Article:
30 August 2021
$28,597pa for 3.5 years
About the research project
This is a history of food and drink project with a regional and remote communities focus. In your thesis you may focus on a specific geographical exemplar, on connections between points, or on a specific issue/product. Through production and importation of food stuffs, regional communities have long histories of trade networks that span local, national and global circulations. Comestibles, what we eat and drink, shapes environment, economy, identity, and well-being of those who produce, process, transport, promote, consume, and clean up after. Comestibles take us into the fields, kitchens, factories, homes, and eateries of the past, connecting food to forces of historical change. Understanding Tasmania as a node in global networks, comestibles let us eschew a centre-and-periphery-model, to showcase regional connectivity, an approach relevant to regional food thinking. It allows us to ask us: remote from where? The study of food and drink makes significant contributions to economic, cultural and social histories. In putting comestibles at the heart of histories of communities and networks, we can use this vital history and its lessons to inform current and future policy. As we grapple with the challenges of food security, try to eat well and responsibly, lessons from the past can inspire.
The scholarship supporting this project provides:
- a living allowance stipend of $28,597 per annum (2021 rate, indexed annually) for 3.5 years;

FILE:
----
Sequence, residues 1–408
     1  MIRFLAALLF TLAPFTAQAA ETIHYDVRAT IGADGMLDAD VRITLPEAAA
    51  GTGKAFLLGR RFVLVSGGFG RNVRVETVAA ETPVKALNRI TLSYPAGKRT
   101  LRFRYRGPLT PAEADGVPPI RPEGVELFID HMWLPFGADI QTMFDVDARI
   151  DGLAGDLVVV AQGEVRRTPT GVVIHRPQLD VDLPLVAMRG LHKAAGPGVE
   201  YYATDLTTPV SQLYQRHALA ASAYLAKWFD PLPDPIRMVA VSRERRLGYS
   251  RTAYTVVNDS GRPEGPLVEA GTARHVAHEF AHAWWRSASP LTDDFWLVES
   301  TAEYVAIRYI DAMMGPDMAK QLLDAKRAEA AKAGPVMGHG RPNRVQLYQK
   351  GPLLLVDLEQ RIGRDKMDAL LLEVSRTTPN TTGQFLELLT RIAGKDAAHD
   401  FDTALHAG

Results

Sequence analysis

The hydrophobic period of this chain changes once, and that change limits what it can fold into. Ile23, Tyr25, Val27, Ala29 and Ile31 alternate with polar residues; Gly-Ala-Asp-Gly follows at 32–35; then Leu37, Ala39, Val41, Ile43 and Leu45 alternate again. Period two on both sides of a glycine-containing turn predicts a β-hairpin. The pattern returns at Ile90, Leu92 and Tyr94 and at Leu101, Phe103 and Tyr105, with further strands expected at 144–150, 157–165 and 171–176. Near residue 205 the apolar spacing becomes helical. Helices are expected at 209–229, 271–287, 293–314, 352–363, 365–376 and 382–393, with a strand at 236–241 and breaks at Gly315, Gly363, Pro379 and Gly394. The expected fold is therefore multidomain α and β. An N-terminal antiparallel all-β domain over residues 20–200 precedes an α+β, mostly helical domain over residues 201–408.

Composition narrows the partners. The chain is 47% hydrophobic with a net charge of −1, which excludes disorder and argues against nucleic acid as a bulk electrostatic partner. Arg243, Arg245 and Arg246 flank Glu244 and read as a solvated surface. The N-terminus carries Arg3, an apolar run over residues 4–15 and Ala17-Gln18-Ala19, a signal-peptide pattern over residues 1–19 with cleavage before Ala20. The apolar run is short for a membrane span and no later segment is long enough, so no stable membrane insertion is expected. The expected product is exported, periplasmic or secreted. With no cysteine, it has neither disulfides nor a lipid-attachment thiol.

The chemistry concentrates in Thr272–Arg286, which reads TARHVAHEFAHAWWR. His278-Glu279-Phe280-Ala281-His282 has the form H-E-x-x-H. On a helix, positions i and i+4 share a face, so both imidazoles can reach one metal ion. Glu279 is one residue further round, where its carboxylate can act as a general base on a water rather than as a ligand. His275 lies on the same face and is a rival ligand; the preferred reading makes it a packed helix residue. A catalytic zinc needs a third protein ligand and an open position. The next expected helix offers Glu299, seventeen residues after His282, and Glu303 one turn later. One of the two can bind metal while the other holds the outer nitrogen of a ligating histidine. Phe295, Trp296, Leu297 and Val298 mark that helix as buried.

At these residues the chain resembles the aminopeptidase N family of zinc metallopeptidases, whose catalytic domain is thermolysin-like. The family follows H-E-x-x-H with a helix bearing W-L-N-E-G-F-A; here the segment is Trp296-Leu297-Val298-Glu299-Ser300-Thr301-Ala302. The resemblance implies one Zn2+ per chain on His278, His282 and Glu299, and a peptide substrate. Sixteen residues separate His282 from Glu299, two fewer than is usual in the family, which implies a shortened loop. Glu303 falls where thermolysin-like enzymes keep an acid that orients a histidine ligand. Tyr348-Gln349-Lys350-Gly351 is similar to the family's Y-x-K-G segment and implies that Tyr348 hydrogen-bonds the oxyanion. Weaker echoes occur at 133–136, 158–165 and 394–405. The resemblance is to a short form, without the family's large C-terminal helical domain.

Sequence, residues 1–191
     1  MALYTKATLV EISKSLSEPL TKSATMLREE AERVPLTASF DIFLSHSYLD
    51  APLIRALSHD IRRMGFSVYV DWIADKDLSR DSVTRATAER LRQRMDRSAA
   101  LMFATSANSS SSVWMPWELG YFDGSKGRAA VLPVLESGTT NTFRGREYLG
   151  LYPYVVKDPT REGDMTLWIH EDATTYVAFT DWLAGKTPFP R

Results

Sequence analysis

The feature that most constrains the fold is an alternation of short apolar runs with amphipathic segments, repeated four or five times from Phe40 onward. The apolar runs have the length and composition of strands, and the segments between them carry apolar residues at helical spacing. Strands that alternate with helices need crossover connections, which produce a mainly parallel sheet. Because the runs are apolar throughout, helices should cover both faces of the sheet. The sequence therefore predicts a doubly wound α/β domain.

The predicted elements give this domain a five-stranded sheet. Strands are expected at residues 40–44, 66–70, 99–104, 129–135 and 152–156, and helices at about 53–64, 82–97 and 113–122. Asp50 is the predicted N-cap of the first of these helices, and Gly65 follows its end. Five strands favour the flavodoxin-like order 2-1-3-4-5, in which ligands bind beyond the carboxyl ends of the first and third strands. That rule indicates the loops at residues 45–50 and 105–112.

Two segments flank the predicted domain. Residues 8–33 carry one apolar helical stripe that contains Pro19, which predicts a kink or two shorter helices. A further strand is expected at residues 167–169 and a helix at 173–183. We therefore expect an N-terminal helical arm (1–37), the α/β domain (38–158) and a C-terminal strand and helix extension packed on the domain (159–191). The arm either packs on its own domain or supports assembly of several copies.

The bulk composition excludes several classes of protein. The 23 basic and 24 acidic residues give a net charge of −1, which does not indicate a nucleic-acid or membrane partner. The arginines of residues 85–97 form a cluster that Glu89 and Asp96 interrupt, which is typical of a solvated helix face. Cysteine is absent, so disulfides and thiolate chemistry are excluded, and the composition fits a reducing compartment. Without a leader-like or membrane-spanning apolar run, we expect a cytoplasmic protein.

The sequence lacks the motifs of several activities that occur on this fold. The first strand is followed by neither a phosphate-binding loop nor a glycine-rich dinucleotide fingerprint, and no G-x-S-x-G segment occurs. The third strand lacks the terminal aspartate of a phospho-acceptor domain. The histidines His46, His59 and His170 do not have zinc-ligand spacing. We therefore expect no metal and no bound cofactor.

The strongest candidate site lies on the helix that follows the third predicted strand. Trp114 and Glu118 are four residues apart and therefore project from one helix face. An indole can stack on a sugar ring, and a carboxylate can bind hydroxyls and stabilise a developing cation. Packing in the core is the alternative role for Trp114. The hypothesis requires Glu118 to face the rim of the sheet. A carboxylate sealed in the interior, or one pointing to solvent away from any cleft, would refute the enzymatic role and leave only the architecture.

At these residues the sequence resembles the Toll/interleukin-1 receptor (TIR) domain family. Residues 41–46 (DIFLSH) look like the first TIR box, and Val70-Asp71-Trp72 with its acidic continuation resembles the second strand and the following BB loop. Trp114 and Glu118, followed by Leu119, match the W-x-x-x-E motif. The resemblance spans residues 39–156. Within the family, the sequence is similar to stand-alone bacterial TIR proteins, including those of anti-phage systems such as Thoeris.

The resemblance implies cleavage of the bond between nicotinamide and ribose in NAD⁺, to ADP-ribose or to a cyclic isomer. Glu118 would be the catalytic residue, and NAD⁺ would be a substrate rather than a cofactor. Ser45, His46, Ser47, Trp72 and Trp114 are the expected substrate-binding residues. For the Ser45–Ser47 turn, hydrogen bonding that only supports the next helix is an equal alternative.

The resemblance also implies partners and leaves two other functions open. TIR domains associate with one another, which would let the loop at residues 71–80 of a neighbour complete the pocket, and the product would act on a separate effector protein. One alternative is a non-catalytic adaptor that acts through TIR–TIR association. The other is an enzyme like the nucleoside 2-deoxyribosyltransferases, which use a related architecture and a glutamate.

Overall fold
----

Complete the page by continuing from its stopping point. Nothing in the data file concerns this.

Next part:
- a relocation allowance of up to $2,000;
- a tuition fee scholarship for up to 4 years (successful domestic applicants will be awarded an RTP Fees Offset and successful international applicants will be awarded a University of Tasmania Fees Offset)
The scholarship supporting this project is funded by the University of Tasmania and the Australian Government through the Research Training Program.
The project is open to domestic (Australia and New Zealand) and international applicants who are already in Australia (onshore) at the time of submitting their application.
Due to current Australian COVID-19 travel restrictions the University cannot accept applications from International applicants who are currently overseas.
Applicants should review the PhD minimum entry requirements.
The project/scholarship is competitively assessed and awarded. Selection is based on academic merit and suitability to the project as determined by the College.
There is a three-step application process:
- Select your project, and check you meet the eligibility and selection criteria;
- Contact the Primary Supervisor, A/Prof Nicole Tarulevicz, if you have any questions about the project; and
- Click here to submit an application by the closing date listed above.
- Copy and paste the title of the project from this advertisement into your application. If you don’t correctly do this your application may be rejected.
- As part of your application you will be required to submit a covering letter, a CV including 2 x referees and your project research proposal.
Following the application closing date applications will be assessed within the College. Applicants should expect to receive notification of the outcome by email by the advertised outcome date.